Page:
When I was an undergraduate student, I was fortunate enough to be asked to play clarinet in a remarkable avant-garde chamber composition called “Eight Songs for a Mad King” by Scottish composer Sir Peter Maxwell Davies. It was one of the highlights of my undergraduate life. We performed it a number of times for a standing-room only audience. Truly an amazing composition by an amazing composer. I always felt a kinship to him for a few reasons—1-music, and 2-he lived and worked in the far north of Scotland. From February of 1988 to January of 1990, I lived in Scotland. I grew to love that country and even to this day, if I hear “O Flower of Scotland” sung with feeling or “Amazing Grace” played on the bagpipes, I get a bit emotional. For five months, I lived in the Caithness region of Scotland (on a small farm named “Sibmister” located between the small cities of Thurso and Wick). I have a particular fondness for the northern regions of Scotland. Sir Peter Maxwell Davies co-founded a yearly music festival—the St. Magnus Festival—in the Orkney Islands where he lived (the Orkney Islands are just a short ferry ride away from Thurso). It was always a dream of mine to perform at that festival. Perhaps it will still happen someday, but one part of that dream was to meet Sir Max. But today that dream has been altered…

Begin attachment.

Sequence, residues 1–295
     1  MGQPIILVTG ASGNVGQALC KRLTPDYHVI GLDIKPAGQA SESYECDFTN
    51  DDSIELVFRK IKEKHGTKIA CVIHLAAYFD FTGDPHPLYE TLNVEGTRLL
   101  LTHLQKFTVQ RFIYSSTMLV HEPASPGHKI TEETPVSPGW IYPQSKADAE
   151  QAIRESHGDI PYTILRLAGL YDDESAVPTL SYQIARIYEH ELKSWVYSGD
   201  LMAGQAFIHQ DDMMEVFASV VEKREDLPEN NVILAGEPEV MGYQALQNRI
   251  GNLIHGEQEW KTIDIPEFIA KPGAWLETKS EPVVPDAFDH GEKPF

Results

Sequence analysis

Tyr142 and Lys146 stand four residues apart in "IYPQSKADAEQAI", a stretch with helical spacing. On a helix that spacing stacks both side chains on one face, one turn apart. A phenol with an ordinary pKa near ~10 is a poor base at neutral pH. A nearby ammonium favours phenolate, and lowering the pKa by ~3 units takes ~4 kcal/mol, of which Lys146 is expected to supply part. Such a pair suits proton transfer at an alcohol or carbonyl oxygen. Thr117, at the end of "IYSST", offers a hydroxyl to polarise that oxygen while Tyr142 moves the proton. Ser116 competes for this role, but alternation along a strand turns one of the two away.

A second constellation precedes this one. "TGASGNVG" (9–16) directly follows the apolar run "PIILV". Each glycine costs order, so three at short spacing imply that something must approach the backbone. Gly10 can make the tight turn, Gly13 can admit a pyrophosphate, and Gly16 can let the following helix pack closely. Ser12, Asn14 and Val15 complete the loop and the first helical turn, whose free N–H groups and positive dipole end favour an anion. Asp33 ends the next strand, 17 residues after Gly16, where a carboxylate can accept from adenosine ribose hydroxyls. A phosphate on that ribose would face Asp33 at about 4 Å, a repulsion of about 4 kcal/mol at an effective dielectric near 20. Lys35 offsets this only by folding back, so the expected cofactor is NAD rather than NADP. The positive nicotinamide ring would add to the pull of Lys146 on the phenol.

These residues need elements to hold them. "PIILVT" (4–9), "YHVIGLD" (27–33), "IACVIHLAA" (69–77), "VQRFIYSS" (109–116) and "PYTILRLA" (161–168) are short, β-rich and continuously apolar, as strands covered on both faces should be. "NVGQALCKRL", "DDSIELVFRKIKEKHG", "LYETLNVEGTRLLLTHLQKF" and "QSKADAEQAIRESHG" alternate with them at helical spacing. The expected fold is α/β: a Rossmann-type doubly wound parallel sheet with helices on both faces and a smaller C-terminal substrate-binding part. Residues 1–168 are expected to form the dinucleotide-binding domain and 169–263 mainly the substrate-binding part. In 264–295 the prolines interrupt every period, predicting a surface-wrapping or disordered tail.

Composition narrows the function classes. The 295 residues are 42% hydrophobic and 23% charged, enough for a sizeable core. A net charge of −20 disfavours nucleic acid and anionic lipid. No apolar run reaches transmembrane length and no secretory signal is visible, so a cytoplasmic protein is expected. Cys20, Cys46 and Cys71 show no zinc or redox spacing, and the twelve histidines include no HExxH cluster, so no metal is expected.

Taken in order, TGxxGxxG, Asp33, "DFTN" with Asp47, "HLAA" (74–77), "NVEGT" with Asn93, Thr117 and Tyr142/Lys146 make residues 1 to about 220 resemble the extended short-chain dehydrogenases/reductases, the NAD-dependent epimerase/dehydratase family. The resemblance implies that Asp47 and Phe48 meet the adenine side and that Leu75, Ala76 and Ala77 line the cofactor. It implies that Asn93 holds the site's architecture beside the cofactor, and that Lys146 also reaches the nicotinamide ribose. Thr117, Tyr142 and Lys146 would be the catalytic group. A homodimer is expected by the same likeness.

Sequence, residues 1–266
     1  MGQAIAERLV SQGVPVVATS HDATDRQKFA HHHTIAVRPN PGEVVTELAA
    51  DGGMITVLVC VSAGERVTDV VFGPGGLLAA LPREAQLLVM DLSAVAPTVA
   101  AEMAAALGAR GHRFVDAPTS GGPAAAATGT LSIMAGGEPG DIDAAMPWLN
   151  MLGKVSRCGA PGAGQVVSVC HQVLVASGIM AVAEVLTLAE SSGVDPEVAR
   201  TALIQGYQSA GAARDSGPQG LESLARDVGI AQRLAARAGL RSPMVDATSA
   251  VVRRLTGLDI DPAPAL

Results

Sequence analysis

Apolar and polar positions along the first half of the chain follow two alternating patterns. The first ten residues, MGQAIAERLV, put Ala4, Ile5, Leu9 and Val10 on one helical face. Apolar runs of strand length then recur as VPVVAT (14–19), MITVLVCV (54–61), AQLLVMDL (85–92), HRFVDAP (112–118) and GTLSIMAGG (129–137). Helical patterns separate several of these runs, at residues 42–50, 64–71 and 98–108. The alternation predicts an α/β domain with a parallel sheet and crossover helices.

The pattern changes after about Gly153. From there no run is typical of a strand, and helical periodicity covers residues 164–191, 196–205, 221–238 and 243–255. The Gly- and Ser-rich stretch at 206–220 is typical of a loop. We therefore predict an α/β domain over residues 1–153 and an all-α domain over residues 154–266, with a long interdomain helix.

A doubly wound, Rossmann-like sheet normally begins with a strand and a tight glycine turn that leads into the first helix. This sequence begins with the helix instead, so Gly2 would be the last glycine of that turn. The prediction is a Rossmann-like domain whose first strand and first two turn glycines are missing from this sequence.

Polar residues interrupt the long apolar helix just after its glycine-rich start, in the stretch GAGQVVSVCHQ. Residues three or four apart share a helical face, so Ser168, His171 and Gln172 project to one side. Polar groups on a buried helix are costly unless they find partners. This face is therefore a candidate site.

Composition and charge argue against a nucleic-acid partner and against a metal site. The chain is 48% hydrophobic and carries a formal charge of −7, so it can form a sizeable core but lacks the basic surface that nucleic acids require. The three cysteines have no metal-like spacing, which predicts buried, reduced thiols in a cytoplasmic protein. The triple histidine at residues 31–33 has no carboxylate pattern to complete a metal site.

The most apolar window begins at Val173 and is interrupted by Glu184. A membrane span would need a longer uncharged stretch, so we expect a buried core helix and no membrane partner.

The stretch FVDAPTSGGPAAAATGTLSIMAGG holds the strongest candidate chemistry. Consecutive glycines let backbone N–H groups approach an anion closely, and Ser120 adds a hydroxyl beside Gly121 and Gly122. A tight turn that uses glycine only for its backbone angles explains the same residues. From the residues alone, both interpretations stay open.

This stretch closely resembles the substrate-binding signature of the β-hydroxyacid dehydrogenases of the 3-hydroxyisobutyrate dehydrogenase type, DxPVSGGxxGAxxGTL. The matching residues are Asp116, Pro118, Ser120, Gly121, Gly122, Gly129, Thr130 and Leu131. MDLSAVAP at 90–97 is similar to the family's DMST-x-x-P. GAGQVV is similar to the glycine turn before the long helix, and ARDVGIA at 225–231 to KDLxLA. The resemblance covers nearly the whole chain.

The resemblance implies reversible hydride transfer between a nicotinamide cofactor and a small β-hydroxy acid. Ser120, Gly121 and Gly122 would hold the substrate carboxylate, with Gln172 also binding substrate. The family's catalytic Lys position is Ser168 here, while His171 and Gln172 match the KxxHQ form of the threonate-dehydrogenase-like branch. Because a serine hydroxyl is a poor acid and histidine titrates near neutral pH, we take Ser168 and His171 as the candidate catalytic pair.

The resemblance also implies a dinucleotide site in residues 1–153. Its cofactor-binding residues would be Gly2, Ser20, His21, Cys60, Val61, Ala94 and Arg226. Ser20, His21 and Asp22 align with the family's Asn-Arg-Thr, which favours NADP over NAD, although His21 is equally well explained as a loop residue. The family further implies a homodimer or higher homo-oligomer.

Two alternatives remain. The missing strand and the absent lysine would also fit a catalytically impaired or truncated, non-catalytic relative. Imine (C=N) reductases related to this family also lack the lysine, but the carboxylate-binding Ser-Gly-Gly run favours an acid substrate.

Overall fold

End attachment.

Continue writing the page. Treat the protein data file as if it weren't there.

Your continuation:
Sir Peter Maxwell Davies died today. Leukemia. I went to teach my Music 101 (Music History for non-majors) shortly after I found out about this. I put this picture of him up on the screen
and told the students why his picture was up there (yes, I got choked up—could hardly talk) and played the last few minutes of his simple, beautiful, heartbreaking piano piece “Farewell to Stromness.”
So for this blog entry, I’m not going to say much except, please listen to his (perhaps) most accessible piece and one that will forevermore make me weep as I listen.